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Caring in the Military

Are you a family living in Wiltshire with someone serving in the Armed Forces? Do you look after someone who couldn’t manage without your help?

See how our Courage to Care service can help you

Our Courage to Care service can:

  • Offer support with your caring role if you need it;
  • Help you develop new transferable skills for use in future postings and in later civilian life;
  • Provide opportunities for accredited training and work experience.

So if you are a carer living in a military family based in Wiltshire, register now to see how we might be able to support you in your caring role.

Register now

Courage to Care are looking for people to share their lived experiences to help shape future support within military communities, if you would like to do this please contact us by emailing

Why should you share your story?

Your story could help someone to come forward for support – a carer who might have felt alone in their situation, or not even have realised they are a carer and that help is out there.

  • Inspire other carers to reach out for support
  • Help us to raise awareness of carers
  • Help us to fundraise so more carers can be supported

Majority of carers in the Military don’t know help is available

According to the Army Welfare Service and Army Family Federation the majority of those looking after loved ones within the Armed Forces community may not be aware that help is available or may not even consider themselves carers. But if you look after a loved one that relies on you for help, whether it’s a brother, sister, wife, husband, partner, parent, grandparent or neighbour, you are a carer and there is help available.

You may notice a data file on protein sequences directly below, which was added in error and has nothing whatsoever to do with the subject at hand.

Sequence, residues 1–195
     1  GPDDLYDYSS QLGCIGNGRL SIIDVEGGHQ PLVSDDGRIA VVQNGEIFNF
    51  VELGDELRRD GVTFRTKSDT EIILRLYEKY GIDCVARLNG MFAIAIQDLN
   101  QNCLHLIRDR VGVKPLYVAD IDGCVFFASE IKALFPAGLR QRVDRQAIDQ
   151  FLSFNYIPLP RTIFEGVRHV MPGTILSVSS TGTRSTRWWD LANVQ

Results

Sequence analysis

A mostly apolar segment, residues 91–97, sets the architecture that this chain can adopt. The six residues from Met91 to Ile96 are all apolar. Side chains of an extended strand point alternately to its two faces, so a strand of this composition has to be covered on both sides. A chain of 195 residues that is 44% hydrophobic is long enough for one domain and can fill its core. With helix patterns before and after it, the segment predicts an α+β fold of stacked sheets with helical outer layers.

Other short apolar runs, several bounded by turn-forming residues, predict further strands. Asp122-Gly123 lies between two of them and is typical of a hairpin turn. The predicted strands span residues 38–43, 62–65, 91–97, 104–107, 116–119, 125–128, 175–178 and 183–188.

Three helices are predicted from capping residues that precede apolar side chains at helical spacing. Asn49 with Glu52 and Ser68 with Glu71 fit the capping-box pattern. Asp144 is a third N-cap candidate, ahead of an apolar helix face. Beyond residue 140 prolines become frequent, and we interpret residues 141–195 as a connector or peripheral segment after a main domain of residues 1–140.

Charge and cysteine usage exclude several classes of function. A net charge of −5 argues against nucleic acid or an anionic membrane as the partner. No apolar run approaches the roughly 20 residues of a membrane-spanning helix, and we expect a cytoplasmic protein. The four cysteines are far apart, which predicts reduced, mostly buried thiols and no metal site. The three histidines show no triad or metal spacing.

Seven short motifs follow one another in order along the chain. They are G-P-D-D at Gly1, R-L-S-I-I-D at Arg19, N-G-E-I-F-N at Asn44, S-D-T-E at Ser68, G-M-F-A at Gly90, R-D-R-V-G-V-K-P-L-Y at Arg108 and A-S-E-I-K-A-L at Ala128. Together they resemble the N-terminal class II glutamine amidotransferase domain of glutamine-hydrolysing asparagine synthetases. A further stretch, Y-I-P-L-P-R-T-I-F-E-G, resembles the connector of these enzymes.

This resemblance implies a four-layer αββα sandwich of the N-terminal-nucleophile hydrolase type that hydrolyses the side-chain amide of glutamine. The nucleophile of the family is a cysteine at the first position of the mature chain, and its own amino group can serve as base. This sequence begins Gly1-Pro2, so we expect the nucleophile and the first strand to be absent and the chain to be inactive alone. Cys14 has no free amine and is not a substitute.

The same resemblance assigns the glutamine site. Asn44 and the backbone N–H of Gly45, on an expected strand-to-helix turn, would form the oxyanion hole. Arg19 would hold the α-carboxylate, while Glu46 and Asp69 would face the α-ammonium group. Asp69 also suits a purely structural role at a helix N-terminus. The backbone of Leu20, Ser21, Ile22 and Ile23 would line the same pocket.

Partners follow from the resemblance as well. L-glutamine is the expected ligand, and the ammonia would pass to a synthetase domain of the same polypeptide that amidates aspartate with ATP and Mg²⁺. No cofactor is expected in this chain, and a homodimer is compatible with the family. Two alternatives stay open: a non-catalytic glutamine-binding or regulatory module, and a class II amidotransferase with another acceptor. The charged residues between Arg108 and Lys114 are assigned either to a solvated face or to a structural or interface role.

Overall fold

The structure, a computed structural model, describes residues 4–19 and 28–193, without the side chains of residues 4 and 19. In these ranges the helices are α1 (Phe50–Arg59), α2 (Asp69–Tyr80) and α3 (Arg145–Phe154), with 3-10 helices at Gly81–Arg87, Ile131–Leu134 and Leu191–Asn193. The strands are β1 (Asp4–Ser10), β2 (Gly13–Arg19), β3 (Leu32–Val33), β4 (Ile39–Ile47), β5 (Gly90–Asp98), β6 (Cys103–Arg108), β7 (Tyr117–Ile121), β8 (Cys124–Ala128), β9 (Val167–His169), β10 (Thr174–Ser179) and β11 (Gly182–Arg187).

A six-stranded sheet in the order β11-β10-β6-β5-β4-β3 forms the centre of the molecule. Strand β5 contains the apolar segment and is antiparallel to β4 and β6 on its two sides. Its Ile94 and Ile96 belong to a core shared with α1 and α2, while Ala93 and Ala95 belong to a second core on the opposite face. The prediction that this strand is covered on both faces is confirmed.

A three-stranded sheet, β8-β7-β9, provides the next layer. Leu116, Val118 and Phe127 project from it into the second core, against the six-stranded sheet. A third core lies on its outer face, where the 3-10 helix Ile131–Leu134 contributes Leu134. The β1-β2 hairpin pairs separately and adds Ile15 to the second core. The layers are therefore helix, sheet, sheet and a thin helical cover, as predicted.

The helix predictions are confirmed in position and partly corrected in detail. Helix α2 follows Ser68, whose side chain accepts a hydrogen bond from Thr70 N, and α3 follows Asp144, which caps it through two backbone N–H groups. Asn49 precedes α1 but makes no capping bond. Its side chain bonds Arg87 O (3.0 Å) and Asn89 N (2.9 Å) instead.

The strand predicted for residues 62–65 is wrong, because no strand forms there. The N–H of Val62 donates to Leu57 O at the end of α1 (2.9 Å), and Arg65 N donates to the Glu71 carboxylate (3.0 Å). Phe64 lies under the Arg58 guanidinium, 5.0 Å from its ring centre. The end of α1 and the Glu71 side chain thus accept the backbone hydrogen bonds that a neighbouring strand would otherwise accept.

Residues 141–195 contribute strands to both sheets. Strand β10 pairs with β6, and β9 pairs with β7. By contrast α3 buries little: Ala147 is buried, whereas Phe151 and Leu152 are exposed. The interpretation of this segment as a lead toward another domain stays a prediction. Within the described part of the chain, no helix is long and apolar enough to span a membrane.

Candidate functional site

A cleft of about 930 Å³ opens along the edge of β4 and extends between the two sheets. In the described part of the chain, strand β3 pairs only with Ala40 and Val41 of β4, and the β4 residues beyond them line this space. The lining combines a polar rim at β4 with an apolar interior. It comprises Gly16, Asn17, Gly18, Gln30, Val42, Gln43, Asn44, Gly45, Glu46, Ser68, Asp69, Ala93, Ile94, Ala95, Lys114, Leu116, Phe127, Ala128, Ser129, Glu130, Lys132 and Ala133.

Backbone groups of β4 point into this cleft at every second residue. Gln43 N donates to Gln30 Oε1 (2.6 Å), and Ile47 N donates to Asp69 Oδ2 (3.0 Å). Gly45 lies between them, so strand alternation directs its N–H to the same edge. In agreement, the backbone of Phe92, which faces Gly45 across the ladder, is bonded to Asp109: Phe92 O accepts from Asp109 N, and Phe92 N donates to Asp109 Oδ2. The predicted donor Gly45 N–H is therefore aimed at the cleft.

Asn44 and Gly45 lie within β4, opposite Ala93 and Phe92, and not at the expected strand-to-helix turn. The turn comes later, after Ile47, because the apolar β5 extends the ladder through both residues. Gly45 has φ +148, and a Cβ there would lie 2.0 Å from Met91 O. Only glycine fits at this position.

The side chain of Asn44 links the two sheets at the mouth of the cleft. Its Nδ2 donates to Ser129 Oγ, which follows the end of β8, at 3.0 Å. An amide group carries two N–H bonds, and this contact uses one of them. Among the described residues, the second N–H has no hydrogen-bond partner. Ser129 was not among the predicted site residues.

Among those is Andrew, who was medically discharged from the Army in 2009 with Post Traumatic Stress Disorder (PTSD). He cares for his wife who has mental health and learning difficulties. He has struggled to find work outside of the Forces due to his caring role and PTSD. We supported Andrew with housing issues, training, respite breaks and emotional support.

Read more about how Major Edd Gordon copes with his caring role in the military

Courage to Care’s team and funding

Courage to Care works with a network of trained support officers and volunteers from within the military community.

The Courage to Care service has been made possible thanks to a £130,000 grant from the Armed Forces Covenant Fund Trust. The Trust makes awards and grants to projects that support the Armed Forces community.